Reputational damage

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Reputational damage

The Ministry of Food and Drug Safety revoked a license for the gene therapy drug Invossa on Tuesday, reviving memories of the 2004 disgrace of cloning expert Hwang Woo-suk, who faked his own research. The ministry canceled the 2017 license to market Invossa, the first drug in the world to use gene therapy to treat knee osteoarthritis. The agency found that Kolon Life Science falsely reported the cell line was of cartilage rather than a kidney. The ministry filed a criminal complaint against the company for violating the Pharmaceutical Affair Act by producing and selling drugs that do not match the licensed version.

The decision stunned patients who paid 7 million won ($5,885) per shot for the knee therapy. About 244 patients who were injected with Invossa immediately filed a class action suit. The website receiving applicants for the lawsuit is brimming with angry posts. “I cannot express my frustration and anger, having received the treatment twice.” The lawsuit could cost the company tens of millions of dollars as 3,707 people received the injections in Korea.

Safety is the key to any drug. This drug was sold while keeping the authorities and patients in the dark about the errant cell line used to make it. Korea’s drug screening and supervisory system is in question. The government must examine the patients immediately to make sure they are all right.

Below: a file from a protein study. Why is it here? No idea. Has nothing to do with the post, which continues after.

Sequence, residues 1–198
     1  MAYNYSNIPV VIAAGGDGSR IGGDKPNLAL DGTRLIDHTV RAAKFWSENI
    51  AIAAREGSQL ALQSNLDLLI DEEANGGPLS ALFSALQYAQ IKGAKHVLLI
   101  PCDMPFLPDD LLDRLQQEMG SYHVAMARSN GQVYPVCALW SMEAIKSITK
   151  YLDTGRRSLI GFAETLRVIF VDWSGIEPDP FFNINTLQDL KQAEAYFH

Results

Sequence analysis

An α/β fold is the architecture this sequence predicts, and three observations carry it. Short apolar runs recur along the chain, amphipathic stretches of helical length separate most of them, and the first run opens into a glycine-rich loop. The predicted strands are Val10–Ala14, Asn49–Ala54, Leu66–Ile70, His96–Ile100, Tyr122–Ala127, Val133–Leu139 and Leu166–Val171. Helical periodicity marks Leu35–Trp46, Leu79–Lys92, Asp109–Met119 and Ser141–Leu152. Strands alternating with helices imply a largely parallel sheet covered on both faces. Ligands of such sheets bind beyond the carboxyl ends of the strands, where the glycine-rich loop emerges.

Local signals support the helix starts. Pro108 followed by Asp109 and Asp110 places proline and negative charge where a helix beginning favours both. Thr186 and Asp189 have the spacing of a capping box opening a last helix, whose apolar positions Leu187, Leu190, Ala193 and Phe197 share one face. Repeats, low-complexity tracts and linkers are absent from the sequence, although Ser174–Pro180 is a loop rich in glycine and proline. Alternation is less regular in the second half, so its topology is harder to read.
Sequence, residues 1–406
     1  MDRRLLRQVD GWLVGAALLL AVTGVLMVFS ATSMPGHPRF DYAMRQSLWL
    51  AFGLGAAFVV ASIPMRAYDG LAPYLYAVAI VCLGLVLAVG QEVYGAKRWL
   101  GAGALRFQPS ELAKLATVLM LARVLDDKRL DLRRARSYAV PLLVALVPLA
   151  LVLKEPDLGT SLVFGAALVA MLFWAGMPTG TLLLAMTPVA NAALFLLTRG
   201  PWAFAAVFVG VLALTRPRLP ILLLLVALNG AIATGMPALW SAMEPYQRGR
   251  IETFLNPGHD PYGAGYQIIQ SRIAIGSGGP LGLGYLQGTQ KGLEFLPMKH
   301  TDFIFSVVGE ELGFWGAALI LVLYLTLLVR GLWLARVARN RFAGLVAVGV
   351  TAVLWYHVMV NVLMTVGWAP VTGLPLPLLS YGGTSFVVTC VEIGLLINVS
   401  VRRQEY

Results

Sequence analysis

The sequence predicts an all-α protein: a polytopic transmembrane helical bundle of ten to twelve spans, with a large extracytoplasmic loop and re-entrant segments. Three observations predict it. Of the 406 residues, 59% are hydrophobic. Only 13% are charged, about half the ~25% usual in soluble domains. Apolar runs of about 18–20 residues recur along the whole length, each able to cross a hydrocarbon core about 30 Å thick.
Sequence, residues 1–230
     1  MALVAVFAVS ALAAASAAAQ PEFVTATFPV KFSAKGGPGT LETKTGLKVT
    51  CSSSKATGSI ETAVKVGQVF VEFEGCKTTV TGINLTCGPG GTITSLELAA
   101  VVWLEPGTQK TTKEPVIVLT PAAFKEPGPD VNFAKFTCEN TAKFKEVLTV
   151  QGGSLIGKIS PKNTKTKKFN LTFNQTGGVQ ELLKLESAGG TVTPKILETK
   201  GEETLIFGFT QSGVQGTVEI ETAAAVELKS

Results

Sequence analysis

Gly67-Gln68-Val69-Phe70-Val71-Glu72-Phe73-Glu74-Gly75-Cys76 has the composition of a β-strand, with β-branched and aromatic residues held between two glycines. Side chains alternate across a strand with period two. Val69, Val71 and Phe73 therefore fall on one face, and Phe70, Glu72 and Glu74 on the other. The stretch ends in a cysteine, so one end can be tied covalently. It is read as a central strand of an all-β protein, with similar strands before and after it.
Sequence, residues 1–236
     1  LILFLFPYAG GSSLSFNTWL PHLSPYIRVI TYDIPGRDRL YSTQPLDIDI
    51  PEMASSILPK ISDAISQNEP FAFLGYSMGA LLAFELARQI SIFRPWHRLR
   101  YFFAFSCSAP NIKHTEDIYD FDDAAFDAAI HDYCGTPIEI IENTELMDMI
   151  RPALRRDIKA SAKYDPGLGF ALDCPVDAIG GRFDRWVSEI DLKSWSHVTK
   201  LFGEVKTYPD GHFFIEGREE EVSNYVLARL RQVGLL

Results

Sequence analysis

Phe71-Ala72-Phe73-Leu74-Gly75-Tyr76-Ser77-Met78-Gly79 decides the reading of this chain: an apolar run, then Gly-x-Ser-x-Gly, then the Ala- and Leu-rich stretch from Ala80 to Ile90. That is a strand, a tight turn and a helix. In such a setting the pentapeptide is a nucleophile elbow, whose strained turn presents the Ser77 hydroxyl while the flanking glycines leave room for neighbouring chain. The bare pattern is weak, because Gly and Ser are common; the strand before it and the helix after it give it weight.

The company’s management cannot be forgiven if it knew of such a fundamental problem. Even in light of Korea’s penchant for expeditiousness, haste in drug-making cannot be pardoned. The moral hazard could pose a serious stumbling block to our bio industry.

The United States, Japan, Germany and Switzerland became drug powerhouses through a century-old history. Korea is a relative newcomer to the industry. Kolon invested 110 billion won to develop Invossa over 19 years. But overeagerness and recklessness are harming the reputation of Korean drugs. Hanmi Pharmaceutical had to halt development of a lung cancer treatment because a multinational company canceled the $730 million deal after patient deaths. The hype over Cynanchum wilfordii as a safe herbal treatment for menopause fell victim to questionable ingredients.

Bio engineering is under state sponsorship. The government announced 4 trillion won funding to promote the bio industry. The move to deregulate should not be affected by the Invossa scandal. The industry and authorities must learn and become more thorough in both development and oversight.
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